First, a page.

We lined up for the Clifton Caboose 5K on Saturday evening just as the kids’ 1-miler was finishing. The first little dudes to finish tore down the road, red-faced and wheezing, using every last bit of energy in their little bodies to propel themselves toward the finish line. They weren’t thinking about the humidity, or the fact that it was raining, or how their legs were tired from the hilly course, or whether they’d net a PR. They were just running their little hearts out, and when race volunteers handed them blue finisher’s ribbons, they grinned like they’d won the lottery.
Could there be any better motivation? By the time the 5K started at about 6:30 p.m., I felt I had little choice but to try to follow suit, shedding my expectations and internal trash-talking and just running my little heart out.
First, a little background: I found this friendly race in the adorable, historic town of Clifton, Va., through Race Director Gary Anderson, who found this blog after suffering a nearly identical wrist break, wrist surgery and post-surgery recovery to mine last February. Anderson invited me and Steve to Clifton months ago, back when I assumed my wrist break would be a distant memory by June 12.
Can I tell you how wonderful this little race was? Pre-race packet pickup and the post-race party took place in a red barn owned by the Clifton Betterment Association, giving it a comfortable, small-town feel before the race even began. Saturday was a steamy day with thunderstorms in the forecast, but the only rain to speak of was a slight drizzle before the race.
Anderson warned us before the race that the out-and-back course was hilly and challenging, with a long uphill on the way out, a steep one right before the turnaround and some rollers on the way back. He was right on all counts. But it was also lovely, on a quiet, leafy country road with scenery pretty enough to take one’s mind of the uphill. And having been warned, the hills weren’t too bad—just bad enough to be glad you train on some serious quad-busters.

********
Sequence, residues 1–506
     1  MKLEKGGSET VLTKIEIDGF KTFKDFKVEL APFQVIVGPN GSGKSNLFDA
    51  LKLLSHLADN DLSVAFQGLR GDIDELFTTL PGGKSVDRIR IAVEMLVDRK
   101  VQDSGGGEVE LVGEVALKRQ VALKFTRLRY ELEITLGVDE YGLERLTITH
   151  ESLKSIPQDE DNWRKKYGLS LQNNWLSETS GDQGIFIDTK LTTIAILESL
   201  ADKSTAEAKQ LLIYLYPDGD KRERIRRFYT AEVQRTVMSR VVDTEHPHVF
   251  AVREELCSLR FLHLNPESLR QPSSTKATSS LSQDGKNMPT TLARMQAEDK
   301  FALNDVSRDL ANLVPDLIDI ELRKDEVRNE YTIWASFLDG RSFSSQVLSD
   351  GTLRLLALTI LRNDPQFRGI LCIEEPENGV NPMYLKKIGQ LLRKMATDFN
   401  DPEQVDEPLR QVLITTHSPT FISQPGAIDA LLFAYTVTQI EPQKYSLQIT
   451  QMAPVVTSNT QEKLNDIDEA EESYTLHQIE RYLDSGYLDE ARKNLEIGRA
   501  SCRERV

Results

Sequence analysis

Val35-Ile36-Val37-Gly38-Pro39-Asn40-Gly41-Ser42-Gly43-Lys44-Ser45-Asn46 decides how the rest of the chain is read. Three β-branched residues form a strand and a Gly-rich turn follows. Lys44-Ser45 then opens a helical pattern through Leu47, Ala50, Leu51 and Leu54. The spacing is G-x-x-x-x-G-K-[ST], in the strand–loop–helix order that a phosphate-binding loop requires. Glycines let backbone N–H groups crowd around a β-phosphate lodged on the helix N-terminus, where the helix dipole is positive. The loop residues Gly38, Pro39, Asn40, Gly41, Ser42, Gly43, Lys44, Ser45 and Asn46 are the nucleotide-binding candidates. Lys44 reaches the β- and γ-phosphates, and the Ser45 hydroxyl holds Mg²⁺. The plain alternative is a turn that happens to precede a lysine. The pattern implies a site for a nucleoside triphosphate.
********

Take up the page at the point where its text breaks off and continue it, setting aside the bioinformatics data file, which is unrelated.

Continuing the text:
Like any out-and-back course, it was fun watching the speedsters zoom by after the turnaround. And despite its small size (I think I recall volunteers saying about 400 people ran the race), there were some speedsters, with the winners holding sub-six-minute-mile pace.I finished in 24:30 (gun time; I clocked 24:19)—not my best time, but far from my worst, especially considering the weather and the hills. Steve wasn’t in the racing mood, so in a rare treat, he ran with me.
The best part of the race is the charming post-race party back at the big red barn. Post-race munchies mostly consisted of vats of fresh fruit, which I loaded up on. Steve headed for the keg of Sierra Nevada—not bad for free beer offerings, no?
I was having so much fun listening to the band playing inside the barn and chatting with the lucky residents of this cool little town, I almost missed it when my name was called during the awards ceremony—I’d won my age group! I immediately put my medal around my neck, grinning like I’d won the lottery. Anderson joked that I now have some hardware to go with my hardware, referring to the titanium plate in my wrist.
A friend who saw my photos commented that it looked like the most charming athletic event she’d ever seen. I’m inclined to agree, and plan to return next year. You know—to defend my title and all.
Other motivators: Though I wasn’t quite confident enough in my swimming to tackle the 1-Mile Chesapeake Bay Bridge Swim Sunday, which I’d signed up for pre-wrist-break, I did swim a 3,000-yard workout Sunday without working in any kick sets—and it felt great! I also got a boost from running well in the heat and humidity—a major confidence-booster before I start training for the Rock ‘n’ Roll Virginia Beach Half Marathon over Labor Day weekend.
What’s motivating you this week?